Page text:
U.S. Housing and Urban Development Secretary Shaun Donovan previewed the changes in December 2009, noting the FHA would announce additional details before the end of January.

“Striking the right balance between managing the FHA’s risk, continuing to provide access to underserved communities, and supporting the nation’s economic recovery is critically important,” Stevens says. “When combined with the risk management measures announced in September of last year, these changes are among the most significant steps to address risk in the agency’s history.”

In addition to raising the up-front MIP by 50 basis points, the FHA will request legislative authority to increase the maximum annual MIP that it can charge.

If this authority is granted, the FHA will then shift some of the premium increase from the up-front MIP to the annual MIP. This shift will allow for the capital reserves to increase with less impact to the consumer, because the annual MIP is paid over the life of the loan instead of at the time of closing, the agency explained in a statement Tuesday.

The initial up-front increase will be included in a mortgagee letter to be released tomorrow, Jan. 21, and will go into effect in the spring.

Additionally, new FHA borrowers will now be required to have a minimum FICO score of 580 to qualify for FHA’s 3.5% down payment program. New borrowers with less than a 580 FICO score will be required to put down at least 10%.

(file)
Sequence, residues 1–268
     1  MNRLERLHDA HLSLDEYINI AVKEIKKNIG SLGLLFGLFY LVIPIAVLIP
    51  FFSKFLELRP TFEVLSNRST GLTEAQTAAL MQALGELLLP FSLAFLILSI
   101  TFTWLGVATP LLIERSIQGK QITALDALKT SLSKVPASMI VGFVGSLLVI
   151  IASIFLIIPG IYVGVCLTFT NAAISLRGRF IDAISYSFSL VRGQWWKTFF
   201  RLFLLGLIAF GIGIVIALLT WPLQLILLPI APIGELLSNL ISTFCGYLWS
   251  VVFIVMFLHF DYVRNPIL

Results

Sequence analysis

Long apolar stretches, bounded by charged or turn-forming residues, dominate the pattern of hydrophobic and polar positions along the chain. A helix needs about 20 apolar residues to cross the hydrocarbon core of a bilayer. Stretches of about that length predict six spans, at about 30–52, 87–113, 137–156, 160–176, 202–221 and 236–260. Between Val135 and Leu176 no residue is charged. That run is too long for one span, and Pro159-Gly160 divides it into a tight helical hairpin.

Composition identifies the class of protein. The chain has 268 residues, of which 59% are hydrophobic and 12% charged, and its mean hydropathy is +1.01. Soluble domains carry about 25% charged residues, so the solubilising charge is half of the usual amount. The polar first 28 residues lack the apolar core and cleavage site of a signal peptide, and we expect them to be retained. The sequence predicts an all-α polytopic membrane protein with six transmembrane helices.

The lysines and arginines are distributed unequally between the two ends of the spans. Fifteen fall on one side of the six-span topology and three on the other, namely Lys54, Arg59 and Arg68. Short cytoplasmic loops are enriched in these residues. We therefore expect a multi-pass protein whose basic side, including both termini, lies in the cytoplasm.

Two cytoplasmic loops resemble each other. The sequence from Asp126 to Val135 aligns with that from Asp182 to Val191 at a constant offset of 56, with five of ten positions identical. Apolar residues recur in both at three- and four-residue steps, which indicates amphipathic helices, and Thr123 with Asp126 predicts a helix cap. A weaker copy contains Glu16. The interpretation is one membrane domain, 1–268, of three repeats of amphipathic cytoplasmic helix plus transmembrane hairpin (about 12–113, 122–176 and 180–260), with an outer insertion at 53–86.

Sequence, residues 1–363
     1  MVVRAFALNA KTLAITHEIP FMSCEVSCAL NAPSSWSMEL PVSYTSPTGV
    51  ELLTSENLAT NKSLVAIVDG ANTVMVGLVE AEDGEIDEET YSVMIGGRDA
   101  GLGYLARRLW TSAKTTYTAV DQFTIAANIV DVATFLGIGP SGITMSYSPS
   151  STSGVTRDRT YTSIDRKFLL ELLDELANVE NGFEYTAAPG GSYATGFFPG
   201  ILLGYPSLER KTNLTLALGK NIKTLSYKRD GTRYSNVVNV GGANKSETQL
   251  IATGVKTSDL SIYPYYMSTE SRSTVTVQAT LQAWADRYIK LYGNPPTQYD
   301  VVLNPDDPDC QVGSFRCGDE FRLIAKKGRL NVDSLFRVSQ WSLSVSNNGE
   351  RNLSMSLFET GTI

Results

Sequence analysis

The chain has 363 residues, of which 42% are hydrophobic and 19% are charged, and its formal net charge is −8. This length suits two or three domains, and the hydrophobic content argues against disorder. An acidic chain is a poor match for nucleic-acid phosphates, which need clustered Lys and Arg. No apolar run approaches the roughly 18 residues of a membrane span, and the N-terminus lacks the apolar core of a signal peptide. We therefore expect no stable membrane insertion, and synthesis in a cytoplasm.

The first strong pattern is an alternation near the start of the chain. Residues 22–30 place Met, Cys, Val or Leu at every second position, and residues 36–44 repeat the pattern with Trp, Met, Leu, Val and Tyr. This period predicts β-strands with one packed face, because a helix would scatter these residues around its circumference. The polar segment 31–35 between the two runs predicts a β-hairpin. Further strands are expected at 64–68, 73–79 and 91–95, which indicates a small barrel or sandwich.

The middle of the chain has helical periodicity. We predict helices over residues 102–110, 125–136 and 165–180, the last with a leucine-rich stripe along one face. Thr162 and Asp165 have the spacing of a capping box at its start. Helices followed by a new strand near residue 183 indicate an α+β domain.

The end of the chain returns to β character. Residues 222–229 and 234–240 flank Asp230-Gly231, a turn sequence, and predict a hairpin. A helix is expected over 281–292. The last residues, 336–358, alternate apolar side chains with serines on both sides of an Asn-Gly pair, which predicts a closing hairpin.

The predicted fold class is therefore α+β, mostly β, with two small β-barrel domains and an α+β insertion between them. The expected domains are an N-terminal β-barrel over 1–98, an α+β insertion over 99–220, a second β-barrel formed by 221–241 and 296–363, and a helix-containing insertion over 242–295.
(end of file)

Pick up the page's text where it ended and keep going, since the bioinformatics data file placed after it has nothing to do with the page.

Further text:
The agency says this change will be posted in the Federal Register in February and, after a notice and comment period, would go into effect in the early summer.

The FHA additionally says its current seller-concession limit of 6% exposes the agency to excess risk by creating incentives to inflate appraised value. Reducing the seller-financing cap to 3% will bring the FHA into conformity with industry standards on seller concessions. This change will also be posted in the Federal Register in February, and after a notice and comment period, would go into effect in the early summer.

To support its lender enforcement initiatives, the FHA will begin publicly reporting lender performance rankings to complement currently available Neighborhood Watch data. The rankings will be available on the HUD Web site starting Feb. 1.

This is an operational change, FHA says, to make information more user-friendly and hold lenders more accountable; it does not require new regulatory action, as Neighborhood Watch data is currently publicly available.

The agency will additionally enhance monitoring of lender performance and compliance with FHA guidelines and standards by implementing the Credit Watch termination through lender underwriting ID in addition to originating ID. This change, effective immediately, will also be included in a mortgagee letter tomorrow.

Starting in early summer, the FHA will implement statutory authority through regulation of section 256 of the National Housing Act to enforce indemnification provisions for lenders using delegated insuring process. Specifications of this change will be posted in March and subject to a notice and comment period before going into effect.

Moreover, HUD is pursuing legislative authority to increase enforcement on FHA lenders. Specific authority includes amendment of section 256 of the National Housing Act to apply indemnification provisions to all direct-endorsement lenders and legislative authority permitting HUD maximum flexibility to establish separate “areas” for purposes of review and termination under the Credit Watch initiative. This latter authority would permit HUD to withdraw originating and underwriting approval for a lender nationwide on the basis of the performance of its regional branches

SOURCE: Federal Housing Administration